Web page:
“This research confirms the importance of genetic factors in age-associated hearing loss, and the need for vulnerable individuals and their families to take extra care to prevent further hearing damage,” said lead author Brandeis neuroscientist Arthur Wingfield.
The research suggests that middle-aged and older people with a genetic vulnerability to hearing loss should be particularly careful about environmental risk factors such as harmful noise and medications whose side-effects could be detrimental to hearing.
The study examined 179 identical and 150 fraternal male twin pairs, ranging in age from 52 to 60 years, as part of the Viet Nam Era Twin Study of Aging (VETSA). About two-thirds of the hearing loss in the individual subjects’ better ears could be accounted for by genetic factors. In the subjects’ poorer ears, about one-half of the hearing loss was due to genes, the study concluded.
Wingfield, an expert on the relationship between memory performance and hearing loss in older adults, said that even mild hearing loss can indirectly lead to declines in cognitive performance because intellectual energy normally reserved for higher-level comprehension must be directed toward perceptual effort for accurately hearing speech.
Hearing loss is the third most common chronic disability among older adults after arthritis and hypertension.
Laura Gardner | EurekAlert!
Multi-institutional collaboration uncovers how molecular machines assemble
02.12.2016 | Salk Institute
Fertilized egg cells trigger and monitor loss of sperm’s epigenetic memory
02.12.2016 | IMBA - Institut für Molekulare Biotechnologie der Österreichischen Akademie der Wissenschaften GmbH
A multi-institutional research collaboration has created a novel approach for fabricating three-dimensional micro-optics through the shape-defined formation of porous silicon (PSi), with broad impacts in integrated optoelectronics, imaging, and photovoltaics.
Working with colleagues at Stanford and The Dow Chemical Company, researchers at the University of Illinois at Urbana-Champaign fabricated 3-D birefringent...
In experiments with magnetic atoms conducted at extremely low temperatures, scientists have demonstrated a unique phase of matter: The atoms form a new type of quantum liquid or quantum droplet state. These so called quantum droplets may preserve their form in absence of external confinement because of quantum effects. The joint team of experimental physicists from Innsbruck and theoretical physicists from Hannover report on their findings in the journal Physical Review X.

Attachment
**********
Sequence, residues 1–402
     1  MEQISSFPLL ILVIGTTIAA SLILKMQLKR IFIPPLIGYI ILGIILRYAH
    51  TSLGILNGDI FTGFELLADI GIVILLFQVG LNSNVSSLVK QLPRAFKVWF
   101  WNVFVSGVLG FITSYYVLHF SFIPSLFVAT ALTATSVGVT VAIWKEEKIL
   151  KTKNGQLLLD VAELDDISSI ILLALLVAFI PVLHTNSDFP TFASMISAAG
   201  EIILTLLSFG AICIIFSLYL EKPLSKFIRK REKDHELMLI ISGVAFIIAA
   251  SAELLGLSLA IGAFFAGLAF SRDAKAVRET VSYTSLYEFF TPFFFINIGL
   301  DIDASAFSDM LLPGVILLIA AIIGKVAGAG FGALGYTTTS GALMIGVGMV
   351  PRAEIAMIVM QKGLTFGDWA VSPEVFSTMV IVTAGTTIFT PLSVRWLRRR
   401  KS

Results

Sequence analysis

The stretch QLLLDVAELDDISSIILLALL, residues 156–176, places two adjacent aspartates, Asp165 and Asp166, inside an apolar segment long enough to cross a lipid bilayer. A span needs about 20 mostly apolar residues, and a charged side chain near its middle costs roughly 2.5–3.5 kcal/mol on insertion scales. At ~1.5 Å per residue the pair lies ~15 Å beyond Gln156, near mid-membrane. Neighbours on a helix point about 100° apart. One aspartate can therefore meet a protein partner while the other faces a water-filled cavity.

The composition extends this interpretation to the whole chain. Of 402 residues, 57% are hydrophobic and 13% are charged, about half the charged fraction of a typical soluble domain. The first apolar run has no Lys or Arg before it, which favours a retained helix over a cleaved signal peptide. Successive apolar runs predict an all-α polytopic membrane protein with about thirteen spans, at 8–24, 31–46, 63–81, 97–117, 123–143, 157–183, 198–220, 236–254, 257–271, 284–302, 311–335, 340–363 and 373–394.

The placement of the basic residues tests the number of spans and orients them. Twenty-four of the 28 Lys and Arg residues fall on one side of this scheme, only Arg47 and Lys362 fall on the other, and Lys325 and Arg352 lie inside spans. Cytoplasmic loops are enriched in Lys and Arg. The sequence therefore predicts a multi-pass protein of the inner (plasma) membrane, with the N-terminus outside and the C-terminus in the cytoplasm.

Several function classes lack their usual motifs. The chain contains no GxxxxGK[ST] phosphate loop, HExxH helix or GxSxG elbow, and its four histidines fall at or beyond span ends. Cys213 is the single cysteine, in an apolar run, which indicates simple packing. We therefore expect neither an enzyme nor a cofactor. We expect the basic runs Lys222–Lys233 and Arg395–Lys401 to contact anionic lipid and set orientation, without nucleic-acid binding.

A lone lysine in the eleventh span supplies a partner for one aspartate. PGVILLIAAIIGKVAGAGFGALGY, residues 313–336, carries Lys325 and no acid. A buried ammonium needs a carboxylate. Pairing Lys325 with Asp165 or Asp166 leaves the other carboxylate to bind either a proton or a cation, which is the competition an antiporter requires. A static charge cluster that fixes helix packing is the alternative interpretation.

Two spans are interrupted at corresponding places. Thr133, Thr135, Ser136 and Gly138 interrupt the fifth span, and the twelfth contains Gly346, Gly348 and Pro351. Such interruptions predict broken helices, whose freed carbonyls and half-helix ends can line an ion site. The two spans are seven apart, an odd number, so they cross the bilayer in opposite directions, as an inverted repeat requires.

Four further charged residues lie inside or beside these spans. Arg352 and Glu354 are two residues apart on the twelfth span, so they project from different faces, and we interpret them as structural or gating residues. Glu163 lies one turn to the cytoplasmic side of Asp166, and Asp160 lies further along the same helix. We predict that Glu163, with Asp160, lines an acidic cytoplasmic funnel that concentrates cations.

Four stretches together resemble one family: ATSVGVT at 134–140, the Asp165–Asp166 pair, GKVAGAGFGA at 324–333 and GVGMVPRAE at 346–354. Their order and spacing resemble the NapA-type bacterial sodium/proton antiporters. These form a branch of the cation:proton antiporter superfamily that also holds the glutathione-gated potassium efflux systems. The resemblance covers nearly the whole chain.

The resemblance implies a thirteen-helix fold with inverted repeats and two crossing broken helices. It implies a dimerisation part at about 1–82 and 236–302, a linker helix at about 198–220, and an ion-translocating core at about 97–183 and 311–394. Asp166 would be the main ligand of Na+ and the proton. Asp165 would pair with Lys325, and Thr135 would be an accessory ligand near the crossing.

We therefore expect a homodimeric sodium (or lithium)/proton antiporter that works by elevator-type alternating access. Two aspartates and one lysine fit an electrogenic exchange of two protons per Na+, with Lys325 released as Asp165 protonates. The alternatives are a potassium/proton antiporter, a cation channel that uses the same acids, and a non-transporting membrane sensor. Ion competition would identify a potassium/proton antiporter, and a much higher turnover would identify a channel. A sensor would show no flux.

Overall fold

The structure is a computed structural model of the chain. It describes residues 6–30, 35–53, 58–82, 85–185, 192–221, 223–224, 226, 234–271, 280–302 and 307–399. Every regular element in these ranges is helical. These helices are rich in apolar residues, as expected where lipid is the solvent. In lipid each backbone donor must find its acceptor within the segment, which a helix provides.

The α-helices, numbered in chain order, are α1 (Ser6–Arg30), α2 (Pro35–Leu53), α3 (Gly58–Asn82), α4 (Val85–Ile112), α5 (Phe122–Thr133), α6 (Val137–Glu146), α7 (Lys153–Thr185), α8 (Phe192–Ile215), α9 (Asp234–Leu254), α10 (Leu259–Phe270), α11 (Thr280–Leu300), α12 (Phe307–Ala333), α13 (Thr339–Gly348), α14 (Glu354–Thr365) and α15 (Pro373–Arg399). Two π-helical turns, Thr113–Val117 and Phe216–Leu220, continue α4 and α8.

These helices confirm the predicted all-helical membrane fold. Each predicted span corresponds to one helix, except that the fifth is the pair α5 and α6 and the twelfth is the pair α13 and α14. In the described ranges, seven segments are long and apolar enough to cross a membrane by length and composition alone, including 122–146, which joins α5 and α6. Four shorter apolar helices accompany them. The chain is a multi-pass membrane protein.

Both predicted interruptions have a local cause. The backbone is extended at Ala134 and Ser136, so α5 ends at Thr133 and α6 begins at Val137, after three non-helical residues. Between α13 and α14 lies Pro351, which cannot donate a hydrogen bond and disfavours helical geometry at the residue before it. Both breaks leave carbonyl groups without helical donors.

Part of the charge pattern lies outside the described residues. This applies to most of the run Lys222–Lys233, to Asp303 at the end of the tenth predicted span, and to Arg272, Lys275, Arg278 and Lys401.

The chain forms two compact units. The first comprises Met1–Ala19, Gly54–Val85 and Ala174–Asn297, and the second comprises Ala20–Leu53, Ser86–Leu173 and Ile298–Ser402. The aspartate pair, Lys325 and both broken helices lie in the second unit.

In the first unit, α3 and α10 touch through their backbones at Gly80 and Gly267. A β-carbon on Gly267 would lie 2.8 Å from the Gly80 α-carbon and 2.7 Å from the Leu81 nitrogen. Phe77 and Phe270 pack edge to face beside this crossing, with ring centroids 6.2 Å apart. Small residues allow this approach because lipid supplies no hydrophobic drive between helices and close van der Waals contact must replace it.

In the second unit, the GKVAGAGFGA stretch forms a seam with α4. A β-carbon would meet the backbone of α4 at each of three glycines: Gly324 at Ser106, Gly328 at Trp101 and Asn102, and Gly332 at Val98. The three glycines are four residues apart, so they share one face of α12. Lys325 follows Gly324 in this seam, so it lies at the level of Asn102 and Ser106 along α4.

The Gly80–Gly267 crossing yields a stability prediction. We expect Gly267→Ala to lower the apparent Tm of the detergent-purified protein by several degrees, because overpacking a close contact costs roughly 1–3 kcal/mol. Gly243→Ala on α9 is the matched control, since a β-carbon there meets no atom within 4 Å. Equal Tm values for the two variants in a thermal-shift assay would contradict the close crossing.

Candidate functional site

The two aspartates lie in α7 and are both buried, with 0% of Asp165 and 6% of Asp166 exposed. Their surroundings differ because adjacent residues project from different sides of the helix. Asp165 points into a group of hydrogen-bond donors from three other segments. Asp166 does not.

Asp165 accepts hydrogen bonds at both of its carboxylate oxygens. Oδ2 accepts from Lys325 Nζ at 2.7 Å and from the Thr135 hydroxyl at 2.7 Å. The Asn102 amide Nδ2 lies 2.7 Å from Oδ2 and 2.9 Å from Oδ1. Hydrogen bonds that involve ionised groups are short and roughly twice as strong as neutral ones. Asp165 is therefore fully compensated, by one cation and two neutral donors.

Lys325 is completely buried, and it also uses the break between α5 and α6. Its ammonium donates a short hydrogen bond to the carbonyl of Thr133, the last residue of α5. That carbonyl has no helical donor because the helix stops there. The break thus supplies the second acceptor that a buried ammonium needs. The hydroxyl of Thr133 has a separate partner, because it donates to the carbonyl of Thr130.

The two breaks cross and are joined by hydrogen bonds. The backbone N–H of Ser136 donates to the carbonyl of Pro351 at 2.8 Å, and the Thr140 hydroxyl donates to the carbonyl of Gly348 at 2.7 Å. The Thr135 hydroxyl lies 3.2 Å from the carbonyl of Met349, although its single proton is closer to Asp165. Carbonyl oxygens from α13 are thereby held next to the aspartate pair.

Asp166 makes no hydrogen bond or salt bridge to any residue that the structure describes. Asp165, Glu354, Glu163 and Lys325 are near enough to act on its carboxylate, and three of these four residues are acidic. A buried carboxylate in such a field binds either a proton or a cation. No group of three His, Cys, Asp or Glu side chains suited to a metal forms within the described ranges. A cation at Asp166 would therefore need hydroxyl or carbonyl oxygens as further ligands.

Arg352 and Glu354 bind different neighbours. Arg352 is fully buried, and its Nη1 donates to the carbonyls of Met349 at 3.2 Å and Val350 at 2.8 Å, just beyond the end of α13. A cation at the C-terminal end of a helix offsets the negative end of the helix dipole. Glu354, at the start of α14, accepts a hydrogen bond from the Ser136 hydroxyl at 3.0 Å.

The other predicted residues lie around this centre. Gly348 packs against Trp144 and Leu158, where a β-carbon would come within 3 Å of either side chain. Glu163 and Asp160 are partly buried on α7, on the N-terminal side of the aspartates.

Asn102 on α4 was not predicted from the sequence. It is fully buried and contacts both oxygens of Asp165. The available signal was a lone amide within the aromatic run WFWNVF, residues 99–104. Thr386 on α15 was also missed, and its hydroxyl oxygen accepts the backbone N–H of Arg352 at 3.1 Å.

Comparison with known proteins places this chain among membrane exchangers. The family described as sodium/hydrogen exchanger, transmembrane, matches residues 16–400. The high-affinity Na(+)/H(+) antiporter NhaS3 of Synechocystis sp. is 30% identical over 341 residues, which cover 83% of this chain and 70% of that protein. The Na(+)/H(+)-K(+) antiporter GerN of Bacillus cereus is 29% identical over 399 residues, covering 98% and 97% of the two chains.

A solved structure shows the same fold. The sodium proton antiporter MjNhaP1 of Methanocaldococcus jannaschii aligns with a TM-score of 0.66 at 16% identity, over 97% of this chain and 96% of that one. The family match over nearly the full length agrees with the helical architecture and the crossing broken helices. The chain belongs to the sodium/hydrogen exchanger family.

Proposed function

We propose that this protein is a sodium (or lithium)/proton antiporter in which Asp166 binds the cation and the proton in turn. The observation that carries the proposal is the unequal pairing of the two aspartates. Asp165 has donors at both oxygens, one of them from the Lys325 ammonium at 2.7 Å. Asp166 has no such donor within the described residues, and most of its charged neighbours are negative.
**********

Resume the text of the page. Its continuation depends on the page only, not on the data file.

“Our Quantum droplets are in the gas phase but they still drop like a rock,” explains experimental physicist Francesca Ferlaino when talking about the...
The Max Planck Institute for Physics (MPP) is opening up a new research field. A workshop from November 21 - 22, 2016 will mark the start of activities for an innovative axion experiment. Axions are still only purely hypothetical particles. Their detection could solve two fundamental problems in particle physics: What dark matter consists of and why it has not yet been possible to directly observe a CP violation for the strong interaction.
The “MADMAX” project is the MPP’s commitment to axion research. Axions are so far only a theoretical prediction and are difficult to detect: on the one hand,...
Broadband rotational spectroscopy unravels structural reshaping of isolated molecules in the gas phase to accommodate water
In two recent publications in the Journal of Chemical Physics and in the Journal of Physical Chemistry Letters, researchers around Melanie Schnell from the Max...
The efficiency of power electronic systems is not solely dependent on electrical efficiency but also on weight, for example, in mobile systems. When the weight of relevant components and devices in airplanes, for instance, is reduced, fuel savings can be achieved and correspondingly greenhouse gas emissions decreased. New materials and components based on gallium nitride (GaN) can help to reduce weight and increase the efficiency. With these new materials, power electronic switches can be operated at higher switching frequency, resulting in higher power density and lower material costs.
Researchers at the Fraunhofer Institute for Solar Energy Systems ISE together with partners have investigated how these materials can be used to make power...
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